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Expand chart
Reproduced from IEA; Note: In 2018 dollars; Chart: Axios Visuals

International Energy Agency data shows that worldwide subsidies that lower consumer costs for fossil fuels grew to over $400 billion last year, their highest levels since 2014.

Why it matters: The persistence of the payments, despite some progress in pricing reforms in recent years in several nations, are among the many headwinds in the effort to combat climate change.

  • And the IEA report doesn't even include various governments' support for fossil fuel production projects.

What they're saying: "The continued prevalence of these subsidies — more than double the estimated subsidies to renewables — greatly complicates the task of achieving an early peak in global emissions," IEA analysts said in a June 13 report.

Where it stands: Higher oil prices in 2018 than 2017 were one driver of the overall increase, while higher energy consumption was another.

  • Oil-related subsidies rose from $143 billion in 2017 to $182 billion last year.
  • Higher petro prices were a strain in countries where consumers faced higher retail costs, "particularly where national currencies were losing value against the U.S. dollar," IEA notes.
  • Indonesia, Iran, Egypt and Venezuela saw the biggest subsidy increases for oil products. Iran, Venezuela, Mexico, Egypt and China all saw higher subsidies for fossil-based power.

The intrigue: Tackling subsidies is tricky — as IEA notes, there's a need to make energy more affordable to poor and vulnerable populations.

  • "But many subsidies are poorly targeted, disproportionally benefiting wealthier segments of the population that use much more of the subsidised fuel," the report states.

Go deeper: 2020 Democrats pushing to end public financing of fossil fuels

Go deeper

Neera Tanden withdraws nomination for Office of Management and Budget director

Neera Tanden testifying before the Senate Budget Committee in Washington, D.C., in February 2021. Photo: Anna Moneymaker/The New York Times/Bloomberg via Getty Images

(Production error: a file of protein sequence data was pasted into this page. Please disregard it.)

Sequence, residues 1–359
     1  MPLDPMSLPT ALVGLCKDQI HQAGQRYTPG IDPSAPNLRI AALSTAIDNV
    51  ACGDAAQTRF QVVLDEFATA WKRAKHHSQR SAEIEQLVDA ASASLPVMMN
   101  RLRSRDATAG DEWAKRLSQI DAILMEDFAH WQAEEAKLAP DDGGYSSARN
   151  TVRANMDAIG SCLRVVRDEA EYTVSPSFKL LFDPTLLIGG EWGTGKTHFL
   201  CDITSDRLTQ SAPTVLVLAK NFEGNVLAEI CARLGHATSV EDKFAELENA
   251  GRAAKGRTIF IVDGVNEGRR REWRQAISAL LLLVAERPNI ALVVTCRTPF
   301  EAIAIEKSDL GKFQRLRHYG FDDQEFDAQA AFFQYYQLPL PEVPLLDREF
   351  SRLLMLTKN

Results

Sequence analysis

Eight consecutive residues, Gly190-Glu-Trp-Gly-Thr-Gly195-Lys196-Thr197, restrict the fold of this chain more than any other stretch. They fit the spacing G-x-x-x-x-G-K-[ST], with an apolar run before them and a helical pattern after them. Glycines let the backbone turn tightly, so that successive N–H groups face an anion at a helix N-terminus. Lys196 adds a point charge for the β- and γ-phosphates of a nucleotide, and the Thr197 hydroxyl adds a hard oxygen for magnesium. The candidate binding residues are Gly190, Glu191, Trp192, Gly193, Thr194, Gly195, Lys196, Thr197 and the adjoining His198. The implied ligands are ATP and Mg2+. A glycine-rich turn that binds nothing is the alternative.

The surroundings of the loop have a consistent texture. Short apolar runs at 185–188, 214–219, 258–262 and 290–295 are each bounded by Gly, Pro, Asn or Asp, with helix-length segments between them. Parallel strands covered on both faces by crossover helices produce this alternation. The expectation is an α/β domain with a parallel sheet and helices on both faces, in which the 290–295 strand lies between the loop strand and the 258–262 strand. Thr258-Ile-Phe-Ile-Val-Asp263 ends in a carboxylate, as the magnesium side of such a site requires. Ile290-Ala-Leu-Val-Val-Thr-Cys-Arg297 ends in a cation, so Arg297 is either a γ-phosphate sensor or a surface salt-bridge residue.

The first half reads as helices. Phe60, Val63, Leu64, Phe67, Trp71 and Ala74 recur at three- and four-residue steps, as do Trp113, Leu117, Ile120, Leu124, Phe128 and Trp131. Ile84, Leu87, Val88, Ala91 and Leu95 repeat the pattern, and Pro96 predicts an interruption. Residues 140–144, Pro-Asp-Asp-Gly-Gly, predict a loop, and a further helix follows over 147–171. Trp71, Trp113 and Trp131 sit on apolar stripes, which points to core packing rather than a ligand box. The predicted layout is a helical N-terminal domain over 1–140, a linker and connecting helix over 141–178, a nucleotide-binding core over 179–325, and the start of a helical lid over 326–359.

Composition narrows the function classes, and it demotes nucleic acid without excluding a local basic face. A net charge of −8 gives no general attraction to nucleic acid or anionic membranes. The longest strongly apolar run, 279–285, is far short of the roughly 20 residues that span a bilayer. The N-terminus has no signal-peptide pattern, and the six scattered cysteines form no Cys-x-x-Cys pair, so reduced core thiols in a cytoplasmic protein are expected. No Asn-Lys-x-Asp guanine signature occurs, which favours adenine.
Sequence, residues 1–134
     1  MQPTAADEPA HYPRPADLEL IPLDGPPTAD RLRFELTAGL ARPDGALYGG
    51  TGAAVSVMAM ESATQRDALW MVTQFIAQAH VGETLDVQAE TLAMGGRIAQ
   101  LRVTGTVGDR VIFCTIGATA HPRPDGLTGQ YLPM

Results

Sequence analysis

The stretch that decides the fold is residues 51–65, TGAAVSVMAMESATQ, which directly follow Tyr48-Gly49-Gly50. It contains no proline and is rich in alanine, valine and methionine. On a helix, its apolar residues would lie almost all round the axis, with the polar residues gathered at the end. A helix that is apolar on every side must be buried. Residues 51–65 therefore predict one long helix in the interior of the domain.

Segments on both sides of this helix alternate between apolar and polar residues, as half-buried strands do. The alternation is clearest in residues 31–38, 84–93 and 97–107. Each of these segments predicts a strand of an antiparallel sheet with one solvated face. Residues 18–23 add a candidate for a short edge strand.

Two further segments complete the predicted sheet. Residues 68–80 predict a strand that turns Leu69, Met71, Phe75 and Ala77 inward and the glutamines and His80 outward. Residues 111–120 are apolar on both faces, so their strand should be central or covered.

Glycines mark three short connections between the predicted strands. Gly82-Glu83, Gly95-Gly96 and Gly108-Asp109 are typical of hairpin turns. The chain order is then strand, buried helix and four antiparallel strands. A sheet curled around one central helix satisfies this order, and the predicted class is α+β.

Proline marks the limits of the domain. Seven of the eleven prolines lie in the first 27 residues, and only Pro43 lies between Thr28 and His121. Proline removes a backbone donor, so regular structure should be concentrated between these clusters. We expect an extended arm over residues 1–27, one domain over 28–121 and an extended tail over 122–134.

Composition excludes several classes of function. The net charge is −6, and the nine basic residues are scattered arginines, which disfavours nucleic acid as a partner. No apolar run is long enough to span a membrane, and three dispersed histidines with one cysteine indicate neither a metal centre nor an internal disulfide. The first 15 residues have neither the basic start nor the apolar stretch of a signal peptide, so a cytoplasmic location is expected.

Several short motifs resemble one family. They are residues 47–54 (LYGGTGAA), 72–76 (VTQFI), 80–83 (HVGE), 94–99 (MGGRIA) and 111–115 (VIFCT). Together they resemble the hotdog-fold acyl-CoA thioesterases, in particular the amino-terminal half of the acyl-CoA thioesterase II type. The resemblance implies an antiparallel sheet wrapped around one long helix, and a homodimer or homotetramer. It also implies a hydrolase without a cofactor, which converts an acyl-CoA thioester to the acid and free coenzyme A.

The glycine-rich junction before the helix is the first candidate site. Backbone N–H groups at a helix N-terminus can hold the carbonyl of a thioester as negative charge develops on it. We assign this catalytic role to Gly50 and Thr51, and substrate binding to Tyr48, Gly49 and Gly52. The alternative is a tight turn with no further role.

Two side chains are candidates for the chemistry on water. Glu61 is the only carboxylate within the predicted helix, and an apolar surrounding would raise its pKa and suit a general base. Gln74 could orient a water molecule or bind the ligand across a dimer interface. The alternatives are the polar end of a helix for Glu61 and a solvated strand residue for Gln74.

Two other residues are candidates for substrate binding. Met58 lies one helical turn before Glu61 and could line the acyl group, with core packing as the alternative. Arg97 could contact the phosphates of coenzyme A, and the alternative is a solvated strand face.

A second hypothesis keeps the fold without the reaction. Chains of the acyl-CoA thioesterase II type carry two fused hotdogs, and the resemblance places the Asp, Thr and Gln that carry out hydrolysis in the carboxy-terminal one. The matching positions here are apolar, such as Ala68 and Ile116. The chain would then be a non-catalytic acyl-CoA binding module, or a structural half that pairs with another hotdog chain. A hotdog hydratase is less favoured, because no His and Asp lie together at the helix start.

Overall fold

Neera Tanden withdrew her name from nomination to lead the Office of Management and Budget after several senators voiced opposition and concern about her qualifications and past combative tweets, President Biden announced Tuesday.

Why it matters: Tanden’s decision to pull her nomination marks Biden's first setback in filling out his Cabinet with a thin Democratic majority in the Senate.

What's ahead for the newest female CEOs

Jane Fraser (L) and Rosalind Brewer. Photos: Jason Redmond/AFP via Getty Images; Rodrigo Capote/Bloomberg via Getty Images.

The number of women at the helm of America’s biggest companies pales in comparison to men, but is newly growing — and their tasks are huge.

What's going on: Jane Fraser took over at Citigroup this week, the first woman to ever lead a major U.S. bank. Rosalind Brewer will take the reins at Walgreens in the coming weeks (March 15) — a company that's been run by white men for more than a century.

3 hours ago - Health

Biden says U.S. will have enough vaccines for 300 million adults by end of May

President Biden. Photo: Anna Moneymaker-Pool/Getty Images

President Biden on Tuesday said that ramped-up coronavirus vaccine production will provide enough doses for 300 million Americans by the end May.

Why it matters: That's two months sooner than Biden's previous promise of enough vaccines for all American adults by the end of July.